Even though temperatures are dropping across the country, the Communication Disabilities Access Canada (CDAC) is still abuzz with activity, promoting human rights, accessibility and inclusion for people who have speech and language disabilities that are not primarily caused by hearing loss.

Nationally: CDAC’s Executive Director Barbara Collier and Board member Hazel Self presented on the Communication Access Now (CAN) project to the federal Office for Disability Issues on October 22, 2014. Unfortunately, their presentation to federal government employees has to be rescheduled due to the tragic event that day on Parliament Hill.

This month CDAC is hosting Communication Intermediary webinars for over 60 Speech-Language Pathologists to prepare them to work in legal and justice settings.

On the West Coast: Last week BC Regional Coordinator Lois Turner had a good meeting with Ella Haung, the Executive Director of the Richmond Centre for Disability. The Communication Access Symbol is now prominently displayed around the Centre.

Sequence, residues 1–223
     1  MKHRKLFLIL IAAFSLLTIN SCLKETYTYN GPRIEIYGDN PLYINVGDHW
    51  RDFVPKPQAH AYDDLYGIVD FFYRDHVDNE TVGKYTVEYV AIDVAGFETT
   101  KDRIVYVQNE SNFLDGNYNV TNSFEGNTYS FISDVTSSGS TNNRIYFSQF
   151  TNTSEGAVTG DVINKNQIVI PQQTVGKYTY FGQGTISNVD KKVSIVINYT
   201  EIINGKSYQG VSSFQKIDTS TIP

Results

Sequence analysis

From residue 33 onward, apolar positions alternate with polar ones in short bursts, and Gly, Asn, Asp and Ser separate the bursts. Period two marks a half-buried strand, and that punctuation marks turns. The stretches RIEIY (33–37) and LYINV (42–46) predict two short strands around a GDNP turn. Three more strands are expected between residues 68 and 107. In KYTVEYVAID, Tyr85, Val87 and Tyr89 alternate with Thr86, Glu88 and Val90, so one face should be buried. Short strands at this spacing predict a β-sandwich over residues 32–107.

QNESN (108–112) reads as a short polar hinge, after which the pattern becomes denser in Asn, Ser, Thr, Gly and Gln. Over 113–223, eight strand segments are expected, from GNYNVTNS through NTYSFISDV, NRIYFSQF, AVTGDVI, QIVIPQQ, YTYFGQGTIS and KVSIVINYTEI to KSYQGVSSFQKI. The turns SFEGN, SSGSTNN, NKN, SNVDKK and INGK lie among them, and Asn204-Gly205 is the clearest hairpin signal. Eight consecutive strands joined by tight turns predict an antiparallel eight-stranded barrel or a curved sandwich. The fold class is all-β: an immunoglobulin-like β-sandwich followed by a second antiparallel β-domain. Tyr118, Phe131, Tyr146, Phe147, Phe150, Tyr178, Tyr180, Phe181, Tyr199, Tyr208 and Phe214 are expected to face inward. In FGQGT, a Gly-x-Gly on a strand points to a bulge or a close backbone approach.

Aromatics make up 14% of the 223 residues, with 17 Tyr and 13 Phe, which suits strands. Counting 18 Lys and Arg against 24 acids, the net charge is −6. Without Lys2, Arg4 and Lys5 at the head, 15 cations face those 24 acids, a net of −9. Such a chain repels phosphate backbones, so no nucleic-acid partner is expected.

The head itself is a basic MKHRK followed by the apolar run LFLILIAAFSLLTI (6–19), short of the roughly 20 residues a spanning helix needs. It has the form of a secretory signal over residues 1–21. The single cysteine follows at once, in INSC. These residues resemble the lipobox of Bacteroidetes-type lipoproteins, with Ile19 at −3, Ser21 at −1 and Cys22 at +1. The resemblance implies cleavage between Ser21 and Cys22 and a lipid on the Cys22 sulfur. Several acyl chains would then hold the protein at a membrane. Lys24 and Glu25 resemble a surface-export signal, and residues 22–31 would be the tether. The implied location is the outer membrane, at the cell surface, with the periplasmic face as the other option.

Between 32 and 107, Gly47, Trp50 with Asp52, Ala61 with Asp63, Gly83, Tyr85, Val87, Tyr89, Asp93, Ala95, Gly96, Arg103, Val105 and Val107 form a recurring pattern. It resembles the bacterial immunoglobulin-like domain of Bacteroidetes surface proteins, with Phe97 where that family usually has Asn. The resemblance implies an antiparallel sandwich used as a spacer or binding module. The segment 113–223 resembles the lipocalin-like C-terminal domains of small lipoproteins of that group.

Ella is also an accessibility advisor to the City of Richmond and does accessibility training for taxi cab companies in Richmond. She had many ideas for sharing CAN resources, the e-learning modules and the communication access symbol.

On the Prairies: CAN Regional Coordinator Tracy Shepherd met with the Disability Issues Office and the Accessibility Advisory Committee in Winnipeg, Manitoba, in October. They were very receptive to the CAN project and are interested in using our materials in their training and helping to spread the word in Manitoba.

While in Winnipeg, the CAN message was also spread to Speech Language Pathologists at the St. Amant Centre and the Open Access Resource Centre.

In Ontario: Tracy also met with the City of London, Ontario, and will be meeting with the City of Kitchener and the City of Windsor in November.

To have someone speak to your city, business or organization about communication access, please contact your regional coordinator.

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